|10.30.10 at 11:46 am ET|
Tim Thomas did not participate in the Bruins’ optional morning skate in Ottawa on Saturday, but Claude Julien told reporters that the 26-year-old netminder will be in goal for the B’s when they take on the Senators on Saturday night.
Thomas has won all five of his starts this season, allowing just three goals in the process. He currently leads the NHL with a 0.60 goals against average and a .981 save percentage, while tying for the league lead with two shutouts. Tuukka Rask, who started the season-opener in Prague, has lost each of his two starts this season.
|10.29.10 at 4:36 pm ET|
WILMINGTON — Tyler Seguin knows that he’s staying, but where is he staying?
After being told Thursday night that he would not be sent back to juniors, the biggest question immediately became whether he, like many young players before him, would live with a teammate, much like Patrice Bergeron in his rookie year with Martin Lapointe.
The obvious line of thinking would lead one to think Mark Recchi, a future Hall-of-Famer and Seguin’s linemate, could be an obvious choice to host the 18-year-old. As a result, both players were bombarded with questions about whether Seguin might should study up on the rules of the Recchi home.
The verdict? The mentorship will have to be limited to the ice and the locker room.
“I don’t have a big enough place right now,” Recchi told WEEI.com on Friday. “I think the team will let him go on his own around the guys. Everybody’s right down town. [Jordan Staal] lived with me [in Pittsburgh], and I had a guest cottage on my property, so it was kind of the best of both worlds. He had his own space, and he hung out with us all the time for dinner and stuff like that. They’ll figure out exactly what [Seguin] wants, and the guys are all within such a small area that everybody’s going to be looking after him anyways.”
Seguin figured as much, and it appears the teenager will try living on his own, but in close proximity to his teammates.
“Right now I think I might be getting my own place, and everyone else kind of in the same building.”
The second overall pick in June’s draft, Seguin has two goals and two assists, good for four points through seven games. Some tried stirring the pot when it came to suggesting there was even a possibility Seguin would return to the OHL’s Plymouth Whalers, as the B’s could have sent him back to juniors without burning a year on his contract. In the end, the B’s elected to not wait for the nine-game trial to expire, telling Seguin after seven to get comfortable in Boston.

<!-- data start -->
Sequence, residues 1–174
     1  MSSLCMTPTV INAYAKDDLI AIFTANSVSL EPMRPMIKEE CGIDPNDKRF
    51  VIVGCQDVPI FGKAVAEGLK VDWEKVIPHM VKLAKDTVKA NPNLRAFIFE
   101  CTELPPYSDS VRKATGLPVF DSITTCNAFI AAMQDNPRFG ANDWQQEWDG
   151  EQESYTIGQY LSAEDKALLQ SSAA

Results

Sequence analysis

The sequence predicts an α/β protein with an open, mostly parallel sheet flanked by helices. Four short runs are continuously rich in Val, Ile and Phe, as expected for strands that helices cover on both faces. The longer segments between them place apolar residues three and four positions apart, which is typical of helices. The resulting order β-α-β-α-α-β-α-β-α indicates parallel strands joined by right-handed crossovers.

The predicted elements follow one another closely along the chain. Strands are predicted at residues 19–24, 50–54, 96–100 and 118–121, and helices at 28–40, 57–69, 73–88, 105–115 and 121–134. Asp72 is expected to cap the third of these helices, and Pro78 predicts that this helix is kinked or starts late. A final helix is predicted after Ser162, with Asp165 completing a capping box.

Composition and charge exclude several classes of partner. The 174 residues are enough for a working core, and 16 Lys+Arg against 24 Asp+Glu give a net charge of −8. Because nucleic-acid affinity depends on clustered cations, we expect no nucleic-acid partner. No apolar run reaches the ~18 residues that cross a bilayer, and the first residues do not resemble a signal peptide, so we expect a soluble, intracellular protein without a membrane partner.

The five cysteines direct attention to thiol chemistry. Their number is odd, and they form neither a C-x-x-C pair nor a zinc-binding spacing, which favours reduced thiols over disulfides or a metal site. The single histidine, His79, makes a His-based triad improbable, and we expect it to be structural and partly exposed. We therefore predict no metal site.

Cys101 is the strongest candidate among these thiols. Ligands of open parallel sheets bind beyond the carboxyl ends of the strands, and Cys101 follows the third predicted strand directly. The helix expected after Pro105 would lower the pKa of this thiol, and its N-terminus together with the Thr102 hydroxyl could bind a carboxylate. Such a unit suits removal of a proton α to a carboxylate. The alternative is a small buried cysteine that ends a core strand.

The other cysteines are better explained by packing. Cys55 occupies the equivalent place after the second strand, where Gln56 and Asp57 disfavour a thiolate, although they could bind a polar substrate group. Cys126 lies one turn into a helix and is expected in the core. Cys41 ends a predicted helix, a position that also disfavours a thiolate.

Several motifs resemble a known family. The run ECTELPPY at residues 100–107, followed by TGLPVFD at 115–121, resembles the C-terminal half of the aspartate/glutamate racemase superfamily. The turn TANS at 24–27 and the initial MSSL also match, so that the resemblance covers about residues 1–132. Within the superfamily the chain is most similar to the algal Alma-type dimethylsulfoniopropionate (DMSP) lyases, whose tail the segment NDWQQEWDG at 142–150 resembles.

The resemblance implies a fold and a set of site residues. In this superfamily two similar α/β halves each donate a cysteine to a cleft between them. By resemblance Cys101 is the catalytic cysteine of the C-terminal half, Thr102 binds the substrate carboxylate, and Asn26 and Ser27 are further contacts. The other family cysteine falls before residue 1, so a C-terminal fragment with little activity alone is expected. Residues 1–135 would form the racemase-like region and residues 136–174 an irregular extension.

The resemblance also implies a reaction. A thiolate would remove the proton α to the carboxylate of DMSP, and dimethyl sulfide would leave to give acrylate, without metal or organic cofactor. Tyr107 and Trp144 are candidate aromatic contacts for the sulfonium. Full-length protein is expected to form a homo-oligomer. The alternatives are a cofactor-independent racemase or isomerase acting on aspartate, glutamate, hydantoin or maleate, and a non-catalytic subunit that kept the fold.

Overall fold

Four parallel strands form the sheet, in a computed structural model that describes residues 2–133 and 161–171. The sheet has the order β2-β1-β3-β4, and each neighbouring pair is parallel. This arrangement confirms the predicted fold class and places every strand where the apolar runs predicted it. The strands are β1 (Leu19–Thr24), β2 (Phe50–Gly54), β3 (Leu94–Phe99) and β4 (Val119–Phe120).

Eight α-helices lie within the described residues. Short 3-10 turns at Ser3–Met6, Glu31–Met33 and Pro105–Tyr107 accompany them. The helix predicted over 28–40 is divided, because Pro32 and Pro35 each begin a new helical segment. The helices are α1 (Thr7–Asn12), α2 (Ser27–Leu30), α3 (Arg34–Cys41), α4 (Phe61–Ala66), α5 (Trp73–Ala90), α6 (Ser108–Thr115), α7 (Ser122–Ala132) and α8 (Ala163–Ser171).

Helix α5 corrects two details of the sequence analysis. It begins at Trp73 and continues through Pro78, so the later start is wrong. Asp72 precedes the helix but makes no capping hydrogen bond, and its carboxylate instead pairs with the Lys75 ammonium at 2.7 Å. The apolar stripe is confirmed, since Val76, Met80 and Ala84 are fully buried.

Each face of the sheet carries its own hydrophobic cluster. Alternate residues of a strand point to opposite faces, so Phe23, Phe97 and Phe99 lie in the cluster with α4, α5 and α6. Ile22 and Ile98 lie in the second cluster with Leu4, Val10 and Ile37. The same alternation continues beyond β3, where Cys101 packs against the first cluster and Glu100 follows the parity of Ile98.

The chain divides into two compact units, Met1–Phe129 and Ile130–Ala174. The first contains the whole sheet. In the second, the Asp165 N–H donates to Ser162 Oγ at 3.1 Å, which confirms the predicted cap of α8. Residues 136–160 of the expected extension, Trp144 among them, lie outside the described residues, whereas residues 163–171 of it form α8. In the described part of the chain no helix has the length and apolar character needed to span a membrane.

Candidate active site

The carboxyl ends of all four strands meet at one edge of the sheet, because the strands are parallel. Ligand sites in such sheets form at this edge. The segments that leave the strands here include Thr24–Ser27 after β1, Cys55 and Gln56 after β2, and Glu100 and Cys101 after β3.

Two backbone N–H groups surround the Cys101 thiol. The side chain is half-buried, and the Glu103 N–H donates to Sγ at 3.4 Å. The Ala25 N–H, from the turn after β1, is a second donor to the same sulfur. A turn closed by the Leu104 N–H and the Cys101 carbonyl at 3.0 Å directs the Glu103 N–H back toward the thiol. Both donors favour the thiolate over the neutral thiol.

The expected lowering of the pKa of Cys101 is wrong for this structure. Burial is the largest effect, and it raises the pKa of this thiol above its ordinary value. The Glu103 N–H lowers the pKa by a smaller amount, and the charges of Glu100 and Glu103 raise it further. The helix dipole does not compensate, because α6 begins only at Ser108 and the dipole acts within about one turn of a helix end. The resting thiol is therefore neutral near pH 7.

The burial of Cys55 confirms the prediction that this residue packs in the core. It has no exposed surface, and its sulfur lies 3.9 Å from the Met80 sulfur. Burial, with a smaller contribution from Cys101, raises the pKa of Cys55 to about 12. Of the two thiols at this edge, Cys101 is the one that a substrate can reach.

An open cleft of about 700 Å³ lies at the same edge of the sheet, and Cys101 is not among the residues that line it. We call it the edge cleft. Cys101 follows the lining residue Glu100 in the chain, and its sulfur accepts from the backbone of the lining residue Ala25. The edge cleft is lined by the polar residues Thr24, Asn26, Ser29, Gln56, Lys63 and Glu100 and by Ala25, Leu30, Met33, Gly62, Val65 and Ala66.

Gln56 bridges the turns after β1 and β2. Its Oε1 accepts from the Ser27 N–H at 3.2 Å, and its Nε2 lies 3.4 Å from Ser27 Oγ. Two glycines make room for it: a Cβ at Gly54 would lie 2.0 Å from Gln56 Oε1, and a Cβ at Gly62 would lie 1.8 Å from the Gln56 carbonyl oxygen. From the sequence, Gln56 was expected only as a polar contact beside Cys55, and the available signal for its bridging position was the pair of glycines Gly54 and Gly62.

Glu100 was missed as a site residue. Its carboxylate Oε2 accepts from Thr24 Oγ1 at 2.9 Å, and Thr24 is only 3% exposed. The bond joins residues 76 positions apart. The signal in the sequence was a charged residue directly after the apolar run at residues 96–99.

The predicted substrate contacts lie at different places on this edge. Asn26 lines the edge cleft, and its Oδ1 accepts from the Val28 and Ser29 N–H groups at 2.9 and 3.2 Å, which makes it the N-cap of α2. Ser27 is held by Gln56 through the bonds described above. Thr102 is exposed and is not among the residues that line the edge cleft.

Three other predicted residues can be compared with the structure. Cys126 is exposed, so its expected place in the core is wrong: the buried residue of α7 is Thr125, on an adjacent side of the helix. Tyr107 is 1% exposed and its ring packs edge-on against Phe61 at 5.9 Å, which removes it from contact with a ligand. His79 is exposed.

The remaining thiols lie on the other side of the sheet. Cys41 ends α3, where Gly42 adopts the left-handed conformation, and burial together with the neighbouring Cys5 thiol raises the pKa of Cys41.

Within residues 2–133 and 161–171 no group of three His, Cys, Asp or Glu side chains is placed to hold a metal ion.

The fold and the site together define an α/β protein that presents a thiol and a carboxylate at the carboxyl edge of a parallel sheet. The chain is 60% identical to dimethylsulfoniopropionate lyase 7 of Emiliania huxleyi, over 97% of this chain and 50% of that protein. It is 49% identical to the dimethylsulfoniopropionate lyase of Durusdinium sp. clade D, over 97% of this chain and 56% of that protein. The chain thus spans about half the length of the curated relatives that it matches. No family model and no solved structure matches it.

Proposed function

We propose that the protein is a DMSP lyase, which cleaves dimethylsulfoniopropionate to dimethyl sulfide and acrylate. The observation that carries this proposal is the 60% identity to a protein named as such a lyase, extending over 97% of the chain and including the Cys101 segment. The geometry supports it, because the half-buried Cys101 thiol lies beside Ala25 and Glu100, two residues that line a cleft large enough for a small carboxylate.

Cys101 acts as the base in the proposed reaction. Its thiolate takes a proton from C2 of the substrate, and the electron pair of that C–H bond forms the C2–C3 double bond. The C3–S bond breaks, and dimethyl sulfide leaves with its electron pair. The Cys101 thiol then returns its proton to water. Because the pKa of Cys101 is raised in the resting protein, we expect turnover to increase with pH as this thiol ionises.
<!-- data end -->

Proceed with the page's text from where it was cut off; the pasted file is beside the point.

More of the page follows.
Recchi, who has seen just about everything in the NHL, couldn’t see a scenario in which the goal-scoring center didn’t stick.
“I didn’t think there would be any doubt [he’d stay],” Recchi said. “He’s talented, and the great thing about it is that he’s got the whole year to grow as a player and learn and get better. It’s a good spot for him to do it, so he’s in a good situation.”
Seguin still keeps in contact with some of his teammates from Plymouth and received a text message from head coach Mike Vellucci after he scored his first career goal. Seguin appreciated the kind thoughts from Vellucci, who essentially resurrected his junior career two years ago, but noted on Thursday that he isn’t rushing to tell him that they officially are no longer affiliated.
“I’m not going to be the one to call him and tell him that I’m staying up here,” Seguin said. “It’s not my place or my position. Once he finds out I’m sure he’ll call me.”
|10.29.10 at 12:49 pm ET|
WILMINGTON — Here’s the video of Tyler Seguin talking to the media after the Bruins’ practice on Friday morning. Seguin found out Thursday night that he will remain with the Bruins and not be sent back to the Plymouth Whalers, news that he embraced upon hearing it.
Seguin admitted that when he was first called into Claude Julien’s office after the team’s 2-0 victory over the Maple Leafs, he thought that he had done something wrong. Check out the video for his full reaction to everything.
|10.29.10 at 11:20 am ET|
WILMINGTON — The Bruins announced on Friday that they have assigned forward Brian McGrattan to Providence for conditioning. McGrattan, who played with the B’s throughout training camp on a tryout basis, was signed by the team following the second game of the season and has been a healthy scratch in each of the five games he’s technically been a member of the Bruins.
The Bruins plan on having McGrattan play in three games with the Baby B’s before returning to the NHL club this coming Monday. By sending him down for conditioning he does not have to clear waivers.
|10.29.10 at 1:14 am ET|
It’s just that on this night – one to honor a man with 75 years of history with the Boston Bruins – it was more important for the goalie to focus on getting the win, not the lightning rod of the Hub’s hockey fans.
And focus is exactly what Thomas did, turning away all 20 shots over 60 minutes in posting his 19th career shutout – a 2-0 dispatch of the Toronto Maple Leafs before a fired-up TD Garden sellout crowd.